It's all because banks continue to be reticent to lend money and investors are especially leery of mortgage-backed securities, the market for which has been shattered by hundreds of thousands of defaults during the subprime mortgage collapse. Instead of lending money, banks are using newfound liquidity brought on by rate cuts and Fed term auctions to boost their balance sheets and pay dividends.
That leaves mortgage brokers doubtful that they'll catch a break from today's 75-basis-point cut, which futures trading had suggested would be a full percentage point.
"Anyone who can give you a definitive answer today is going to be guessing" what will happen to mortgage rates, said Alan Rosenbaum, president of GuardHill Financial in New York. "Normally when the Fed reduces 100 basis points you're going to see rates come down immediately. However, in this situation no one is really sure."
The disconnect between the Fed rate and mortgages stems from several factors, including the unwillingness of banks to lend to all but the most qualified lenders.
At the same time, investors have become less interested in buying mortgage-backed bonds issued by federally sponsored lenders Fannie Mae and Freddie Mac . Investors instead have turned to the safe haven of Treasury bonds, despite their lower yields. Banks have been watching the spread between yields of the Fannie and Freddie bonds compared to the Treasurys, which hit record highs last week, for clues as to when mortgage rates will drop.
"Almost more than the mechanical impact is how the market interprets (the rate cut) as a confidence-building issue," said Mike Larson, an analyst at Money & Markets. "In the last couple of days there has been some improvement there. The spread between Freddie Mac and Fannie Mae and Treasurys has narrowed. The question now becomes does that improvement continue."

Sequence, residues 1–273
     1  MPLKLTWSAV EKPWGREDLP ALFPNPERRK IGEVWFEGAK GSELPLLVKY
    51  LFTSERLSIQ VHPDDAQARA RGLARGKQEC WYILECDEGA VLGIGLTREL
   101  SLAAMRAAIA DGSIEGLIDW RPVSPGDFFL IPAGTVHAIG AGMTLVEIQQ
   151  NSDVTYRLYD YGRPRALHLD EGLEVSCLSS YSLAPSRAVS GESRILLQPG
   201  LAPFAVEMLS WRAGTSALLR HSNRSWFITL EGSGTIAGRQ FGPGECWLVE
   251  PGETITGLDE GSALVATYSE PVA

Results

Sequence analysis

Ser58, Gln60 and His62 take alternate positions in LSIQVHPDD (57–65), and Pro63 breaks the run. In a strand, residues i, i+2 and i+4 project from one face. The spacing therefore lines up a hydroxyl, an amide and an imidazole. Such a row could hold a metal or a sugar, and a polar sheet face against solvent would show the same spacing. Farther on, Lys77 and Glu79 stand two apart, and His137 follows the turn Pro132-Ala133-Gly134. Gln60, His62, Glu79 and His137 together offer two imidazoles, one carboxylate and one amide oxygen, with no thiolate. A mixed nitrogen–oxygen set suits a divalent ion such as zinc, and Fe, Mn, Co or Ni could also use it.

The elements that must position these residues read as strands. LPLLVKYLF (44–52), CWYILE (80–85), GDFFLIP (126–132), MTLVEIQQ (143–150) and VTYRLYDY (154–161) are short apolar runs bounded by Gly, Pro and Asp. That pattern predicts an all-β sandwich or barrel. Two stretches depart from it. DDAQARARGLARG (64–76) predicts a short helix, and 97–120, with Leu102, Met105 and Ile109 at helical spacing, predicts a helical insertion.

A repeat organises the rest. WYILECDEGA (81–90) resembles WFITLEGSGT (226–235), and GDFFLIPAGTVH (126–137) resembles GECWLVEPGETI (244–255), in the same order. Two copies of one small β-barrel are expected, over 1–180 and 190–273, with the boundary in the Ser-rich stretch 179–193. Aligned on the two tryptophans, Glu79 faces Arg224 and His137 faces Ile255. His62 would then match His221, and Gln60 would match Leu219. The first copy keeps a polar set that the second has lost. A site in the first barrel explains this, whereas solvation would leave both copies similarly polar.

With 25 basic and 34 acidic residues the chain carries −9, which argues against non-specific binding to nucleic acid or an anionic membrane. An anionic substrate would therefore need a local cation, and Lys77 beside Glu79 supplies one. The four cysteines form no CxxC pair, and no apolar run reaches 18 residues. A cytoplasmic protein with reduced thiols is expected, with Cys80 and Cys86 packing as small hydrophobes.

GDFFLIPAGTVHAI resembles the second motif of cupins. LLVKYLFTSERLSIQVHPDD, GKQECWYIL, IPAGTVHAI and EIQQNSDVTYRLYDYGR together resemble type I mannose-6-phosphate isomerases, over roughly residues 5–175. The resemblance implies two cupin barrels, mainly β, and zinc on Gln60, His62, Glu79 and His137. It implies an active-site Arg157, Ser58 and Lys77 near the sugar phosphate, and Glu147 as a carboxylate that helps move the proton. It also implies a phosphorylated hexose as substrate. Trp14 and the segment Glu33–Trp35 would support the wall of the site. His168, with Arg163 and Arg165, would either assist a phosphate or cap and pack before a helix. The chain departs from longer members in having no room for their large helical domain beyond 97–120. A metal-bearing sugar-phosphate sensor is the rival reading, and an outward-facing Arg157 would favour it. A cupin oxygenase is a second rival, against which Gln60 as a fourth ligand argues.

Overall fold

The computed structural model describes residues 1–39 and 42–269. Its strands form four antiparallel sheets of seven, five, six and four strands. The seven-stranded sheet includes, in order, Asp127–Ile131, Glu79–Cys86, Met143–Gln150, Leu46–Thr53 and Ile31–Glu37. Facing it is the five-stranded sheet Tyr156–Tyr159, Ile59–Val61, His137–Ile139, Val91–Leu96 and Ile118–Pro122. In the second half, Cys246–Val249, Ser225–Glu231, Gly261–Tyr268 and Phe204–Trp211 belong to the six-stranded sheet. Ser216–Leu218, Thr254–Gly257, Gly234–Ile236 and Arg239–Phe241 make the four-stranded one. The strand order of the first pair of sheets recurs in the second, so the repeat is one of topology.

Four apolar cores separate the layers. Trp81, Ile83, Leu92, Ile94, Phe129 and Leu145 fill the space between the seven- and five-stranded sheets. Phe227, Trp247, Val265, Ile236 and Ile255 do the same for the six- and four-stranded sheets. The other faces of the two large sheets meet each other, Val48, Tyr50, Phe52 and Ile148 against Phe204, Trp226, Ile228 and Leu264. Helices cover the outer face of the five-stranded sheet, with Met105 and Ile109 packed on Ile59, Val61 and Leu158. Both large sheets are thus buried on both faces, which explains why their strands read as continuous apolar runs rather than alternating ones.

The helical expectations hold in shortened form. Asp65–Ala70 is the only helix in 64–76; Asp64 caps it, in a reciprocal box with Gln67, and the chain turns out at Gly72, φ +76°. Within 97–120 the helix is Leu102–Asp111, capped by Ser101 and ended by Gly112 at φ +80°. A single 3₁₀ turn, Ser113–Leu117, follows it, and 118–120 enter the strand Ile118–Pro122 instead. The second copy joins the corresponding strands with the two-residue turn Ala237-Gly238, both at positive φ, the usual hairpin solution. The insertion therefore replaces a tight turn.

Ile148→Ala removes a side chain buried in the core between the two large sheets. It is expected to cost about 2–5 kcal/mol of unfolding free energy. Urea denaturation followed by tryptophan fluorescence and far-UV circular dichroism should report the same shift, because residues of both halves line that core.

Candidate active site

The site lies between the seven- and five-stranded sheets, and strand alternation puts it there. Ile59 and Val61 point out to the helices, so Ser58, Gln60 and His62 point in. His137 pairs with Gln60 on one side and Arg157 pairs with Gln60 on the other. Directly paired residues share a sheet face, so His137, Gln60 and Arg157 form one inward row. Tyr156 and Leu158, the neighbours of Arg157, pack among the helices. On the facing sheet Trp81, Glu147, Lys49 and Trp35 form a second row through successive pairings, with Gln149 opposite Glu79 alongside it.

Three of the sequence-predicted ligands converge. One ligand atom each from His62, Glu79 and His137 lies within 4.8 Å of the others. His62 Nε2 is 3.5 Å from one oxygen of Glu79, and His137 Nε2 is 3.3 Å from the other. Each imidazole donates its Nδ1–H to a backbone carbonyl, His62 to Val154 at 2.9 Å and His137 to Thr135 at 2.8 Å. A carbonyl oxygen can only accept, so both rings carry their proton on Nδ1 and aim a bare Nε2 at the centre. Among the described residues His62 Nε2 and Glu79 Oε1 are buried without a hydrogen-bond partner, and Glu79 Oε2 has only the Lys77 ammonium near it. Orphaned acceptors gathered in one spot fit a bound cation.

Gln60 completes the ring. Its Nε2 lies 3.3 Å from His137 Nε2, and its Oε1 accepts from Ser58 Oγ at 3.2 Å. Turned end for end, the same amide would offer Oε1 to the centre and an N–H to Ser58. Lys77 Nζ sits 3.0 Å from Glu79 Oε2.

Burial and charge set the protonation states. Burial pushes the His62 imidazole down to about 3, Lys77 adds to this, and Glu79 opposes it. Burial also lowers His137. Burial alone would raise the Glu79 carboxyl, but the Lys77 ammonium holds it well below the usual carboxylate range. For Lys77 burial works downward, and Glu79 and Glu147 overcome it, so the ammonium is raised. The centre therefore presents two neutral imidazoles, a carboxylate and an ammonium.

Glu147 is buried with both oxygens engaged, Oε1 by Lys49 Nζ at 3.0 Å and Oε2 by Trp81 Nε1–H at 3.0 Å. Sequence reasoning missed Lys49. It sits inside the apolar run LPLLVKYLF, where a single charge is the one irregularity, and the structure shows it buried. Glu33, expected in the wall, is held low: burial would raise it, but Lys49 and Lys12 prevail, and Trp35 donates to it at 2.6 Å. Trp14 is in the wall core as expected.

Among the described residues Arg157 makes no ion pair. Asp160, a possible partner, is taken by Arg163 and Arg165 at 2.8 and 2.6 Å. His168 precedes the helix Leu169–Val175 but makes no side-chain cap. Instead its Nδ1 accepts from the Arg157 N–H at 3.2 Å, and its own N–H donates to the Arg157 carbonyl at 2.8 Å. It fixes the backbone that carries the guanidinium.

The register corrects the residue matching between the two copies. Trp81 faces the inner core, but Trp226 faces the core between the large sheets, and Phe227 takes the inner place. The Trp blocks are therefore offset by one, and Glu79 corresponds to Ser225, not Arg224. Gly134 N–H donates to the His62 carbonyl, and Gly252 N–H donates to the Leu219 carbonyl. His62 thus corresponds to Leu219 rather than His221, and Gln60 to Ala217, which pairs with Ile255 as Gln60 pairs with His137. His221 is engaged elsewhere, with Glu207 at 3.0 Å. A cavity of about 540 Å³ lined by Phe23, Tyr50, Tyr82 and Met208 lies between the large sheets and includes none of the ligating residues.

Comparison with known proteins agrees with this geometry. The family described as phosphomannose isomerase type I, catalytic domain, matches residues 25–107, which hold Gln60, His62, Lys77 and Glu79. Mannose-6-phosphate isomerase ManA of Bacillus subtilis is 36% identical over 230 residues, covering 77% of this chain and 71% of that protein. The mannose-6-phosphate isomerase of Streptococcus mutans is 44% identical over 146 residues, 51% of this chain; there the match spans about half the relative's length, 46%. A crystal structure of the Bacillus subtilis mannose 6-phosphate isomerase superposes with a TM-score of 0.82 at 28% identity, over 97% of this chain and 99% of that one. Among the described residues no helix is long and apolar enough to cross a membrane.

Mortgage rates have stayed above 6 percent consistently, though they showed a sharp decline Tuesday to 5.74 percent for a 30-year fixed, perhaps in anticipation of the Fed move. Still, banks continue to tighten lending requirements, especially regarding loan to value ratio, making money hard to come by at any rate.
Many lenders have required 15 percent in down payment or equity before lending. Fannie Mae and Freddie Mac, secondary mortgage brokers who buy up initial mortgages, have issued tighter lending requirements to banks.
Investors, though, continue to be wary of the mortgage-backed securities and some analysts say only government intervention in the form of mortgage guarantees will free up the market.
"Many people don't want government intervention, but if they're going to intervene this is the appropriate way for them to do so," Rosenbaum said. "The markets aren't going to trade unless they know they're protected out there."
But Brian Simon, senior vice president at Freedom Mortgage, said he sees some larger lenders such as Wells Fargo and Countrywide already getting ready to roll out lower rates. The question, though, is whether it will last.
Rates have tended to dip immediately after a Fed cut, only to rise again.
"I won't pretend to be a fortune teller of the future. Certainly (the Fed cut) isn't going to hurt," Simon said. "They've made up their mind that they're going to lower the rates in hopes of driving up inflation and that's going to solve a lot of these problems."